Findings

Organizational and social-identity resourcing may cultivate social, material, and cognitive resources for black employees to cope with threats to their racial identity after racially traumatic events occur. The integration of organizational and social-identity resourcing may foster identity and psychologically safe workplaces where black employees may feel valued and reduce feelings of racial identity threats.

Research limitations/implications

Implications for both employees’ social-identity resourcing practice and organizational resource readiness and response options are discussed.

Originality/value

The authors present a novel perspective for managing diversity and inclusion through EST. Further, the authors identify the interaction of individual agency and organizational resources to support Black employees.

Details

Equality, Diversity and Inclusion: An International Journal, vol. 36 no. 8
Type: Research Article
ISSN: 2040-7149

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Article
Publication date: 1 July 1998

Andrew Korac‐Kakabadse, Nada Korac‐Kakabadse and Andrew Myers

Leadership philosophy is explored through gender and other demographic characteristics in the Australian Public Service (APS), at the federal government level. Leadership…

Abstract

Leadership philosophy is explored through gender and other demographic characteristics in the Australian Public Service (APS), at the federal government level. Leadership philosophy is conceptualised as the leader’s attitudes, values and behaviour. Gender differences in characteristics of leaders (executives and middle managers) are examined in terms of strategic behaviour, management style, work‐related values, adoption of information technology, perceived organisational morale, family/work conflict and personal, work and family satisfaction. The gender differences are investigated using questionnaire responses from a sample of 750 respondents, of which 569 were male and 145 female. The APS findings are compared with a Cranfield study conducted in the UK’s National Health Service (NHS), where gender differences are explored in terms of management and strategic orientation. A sample of 515 chief executives, medical, clinical, HR and financial directors, chairpersons and other non‐executive directors, consists of 406 male and 108 female respondents. The APS study reveals that there are no significant gender differences in the majority of measured characteristics. Similarly in the NHS Trusts study, no significant gender differences are found in terms of management and strategic orientation. The conclusion reached is that other demographic characteristics are influential in forming leadership philosophies, namely job and organisational tenure and experience of senior management responsibilities, thus highlighting the importance of organisational demographics and their impact on leadership attitudes and practice.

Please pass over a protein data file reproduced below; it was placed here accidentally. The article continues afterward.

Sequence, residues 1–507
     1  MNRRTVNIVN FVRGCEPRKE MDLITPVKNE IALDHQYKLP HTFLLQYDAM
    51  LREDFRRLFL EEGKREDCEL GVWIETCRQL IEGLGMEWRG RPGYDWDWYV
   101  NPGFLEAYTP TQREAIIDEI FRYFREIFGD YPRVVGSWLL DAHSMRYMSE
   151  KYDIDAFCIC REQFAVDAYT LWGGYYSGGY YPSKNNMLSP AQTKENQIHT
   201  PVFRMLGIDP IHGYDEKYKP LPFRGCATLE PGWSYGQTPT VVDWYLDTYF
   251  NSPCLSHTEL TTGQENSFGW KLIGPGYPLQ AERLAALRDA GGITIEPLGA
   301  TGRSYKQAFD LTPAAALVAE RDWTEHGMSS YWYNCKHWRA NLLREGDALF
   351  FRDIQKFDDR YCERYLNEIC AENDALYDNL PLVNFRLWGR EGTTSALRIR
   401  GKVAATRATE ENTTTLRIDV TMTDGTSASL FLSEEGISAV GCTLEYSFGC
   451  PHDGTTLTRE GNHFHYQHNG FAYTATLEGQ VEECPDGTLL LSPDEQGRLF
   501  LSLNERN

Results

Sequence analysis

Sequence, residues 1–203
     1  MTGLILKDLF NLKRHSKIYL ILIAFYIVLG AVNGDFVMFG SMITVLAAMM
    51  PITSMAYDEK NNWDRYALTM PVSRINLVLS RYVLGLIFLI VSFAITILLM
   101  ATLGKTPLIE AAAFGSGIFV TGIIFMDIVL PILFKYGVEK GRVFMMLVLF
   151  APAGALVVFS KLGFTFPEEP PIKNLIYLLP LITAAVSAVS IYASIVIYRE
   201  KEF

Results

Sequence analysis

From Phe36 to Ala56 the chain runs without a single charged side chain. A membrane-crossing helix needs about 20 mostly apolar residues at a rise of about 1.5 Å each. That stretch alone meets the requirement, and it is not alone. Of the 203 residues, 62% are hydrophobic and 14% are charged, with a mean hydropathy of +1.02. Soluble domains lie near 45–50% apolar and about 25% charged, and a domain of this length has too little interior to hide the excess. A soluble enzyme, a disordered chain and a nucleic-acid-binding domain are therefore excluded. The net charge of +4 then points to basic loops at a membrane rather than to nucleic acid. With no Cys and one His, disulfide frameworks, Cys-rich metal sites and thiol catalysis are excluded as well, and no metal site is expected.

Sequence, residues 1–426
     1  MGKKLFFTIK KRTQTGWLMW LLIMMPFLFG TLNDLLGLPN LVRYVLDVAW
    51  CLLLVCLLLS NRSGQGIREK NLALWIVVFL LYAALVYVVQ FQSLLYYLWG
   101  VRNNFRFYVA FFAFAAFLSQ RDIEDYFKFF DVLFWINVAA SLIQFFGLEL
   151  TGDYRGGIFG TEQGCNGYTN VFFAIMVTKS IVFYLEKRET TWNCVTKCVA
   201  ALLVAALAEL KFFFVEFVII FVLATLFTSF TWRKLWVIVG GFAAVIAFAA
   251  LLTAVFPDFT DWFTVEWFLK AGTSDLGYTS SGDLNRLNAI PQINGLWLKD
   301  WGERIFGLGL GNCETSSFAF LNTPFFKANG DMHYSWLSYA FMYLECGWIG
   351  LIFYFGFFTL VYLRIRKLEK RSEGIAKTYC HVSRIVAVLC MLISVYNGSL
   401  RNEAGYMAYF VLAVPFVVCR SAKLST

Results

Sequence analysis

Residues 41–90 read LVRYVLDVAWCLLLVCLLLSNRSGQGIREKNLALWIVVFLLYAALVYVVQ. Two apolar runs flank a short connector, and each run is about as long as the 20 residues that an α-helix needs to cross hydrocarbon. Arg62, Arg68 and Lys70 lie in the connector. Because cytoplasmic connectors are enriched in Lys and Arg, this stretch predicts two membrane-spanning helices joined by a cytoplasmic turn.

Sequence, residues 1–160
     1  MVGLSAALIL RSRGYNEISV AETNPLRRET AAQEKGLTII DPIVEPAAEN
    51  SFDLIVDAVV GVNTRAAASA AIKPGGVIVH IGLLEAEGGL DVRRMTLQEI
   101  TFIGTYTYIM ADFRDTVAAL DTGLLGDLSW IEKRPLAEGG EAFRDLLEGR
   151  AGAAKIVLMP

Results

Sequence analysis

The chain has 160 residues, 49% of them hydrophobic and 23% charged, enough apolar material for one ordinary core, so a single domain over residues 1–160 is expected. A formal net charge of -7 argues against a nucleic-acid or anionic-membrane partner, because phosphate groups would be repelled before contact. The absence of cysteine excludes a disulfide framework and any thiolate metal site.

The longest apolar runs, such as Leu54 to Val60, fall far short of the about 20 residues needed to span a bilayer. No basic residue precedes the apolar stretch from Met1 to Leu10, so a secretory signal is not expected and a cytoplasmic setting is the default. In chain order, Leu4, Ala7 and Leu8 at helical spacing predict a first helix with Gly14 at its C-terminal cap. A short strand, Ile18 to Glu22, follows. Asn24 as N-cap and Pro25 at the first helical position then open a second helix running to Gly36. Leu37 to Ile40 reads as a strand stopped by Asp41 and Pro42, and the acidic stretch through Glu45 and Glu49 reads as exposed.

Details

Journal of Management Development, vol. 17 no. 5
Type: Research Article
ISSN: 0262-1711

Keywords